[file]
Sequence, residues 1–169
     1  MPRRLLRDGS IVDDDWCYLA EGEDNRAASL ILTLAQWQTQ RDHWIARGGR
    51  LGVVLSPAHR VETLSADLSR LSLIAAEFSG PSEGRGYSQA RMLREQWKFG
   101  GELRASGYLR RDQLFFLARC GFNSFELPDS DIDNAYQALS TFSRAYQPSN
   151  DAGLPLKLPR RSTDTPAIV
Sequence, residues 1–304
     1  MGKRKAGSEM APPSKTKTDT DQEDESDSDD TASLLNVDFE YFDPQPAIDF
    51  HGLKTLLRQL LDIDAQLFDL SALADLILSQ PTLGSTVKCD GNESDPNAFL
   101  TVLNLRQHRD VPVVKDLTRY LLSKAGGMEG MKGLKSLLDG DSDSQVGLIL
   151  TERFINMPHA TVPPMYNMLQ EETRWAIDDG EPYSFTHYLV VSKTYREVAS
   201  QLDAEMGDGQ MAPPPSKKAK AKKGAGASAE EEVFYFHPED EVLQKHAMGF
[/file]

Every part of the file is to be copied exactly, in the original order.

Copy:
Sequence, residues 1–169
     1  MPRRLLRDGS IVDDDWCYLA EGEDNRAASL ILTLAQWQTQ RDHWIARGGR
    51  LGVVLSPAHR VETLSADLSR LSLIAAEFSG PSEGRGYSQA RMLREQWKFG
   101  GELRASGYLR RDQLFFLARC GFNSFELPDS DIDNAYQALS TFSRAYQPSN
   151  DAGLPLKLPR RSTDTPAIV
Sequence, residues 1–304
     1  MGKRKAGSEM APPSKTKTDT DQEDESDSDD TASLLNVDFE YFDPQPAIDF
    51  HGLKTLLRQL LDIDAQLFDL SALADLILSQ PTLGSTVKCD GNESDPNAFL
   101  TVLNLRQHRD VPVVKDLTRY LLSKAGGMEG MKGLKSLLDG DSDSQVGLIL
   151  TERFINMPHA TVPPMYNMLQ EETRWAIDDG EPYSFTHYLV VSKTYREVAS
   201  QLDAEMGDGQ MAPPPSKKAK AKKGAGASAE EEVFYFHPED EVLQKHAMGF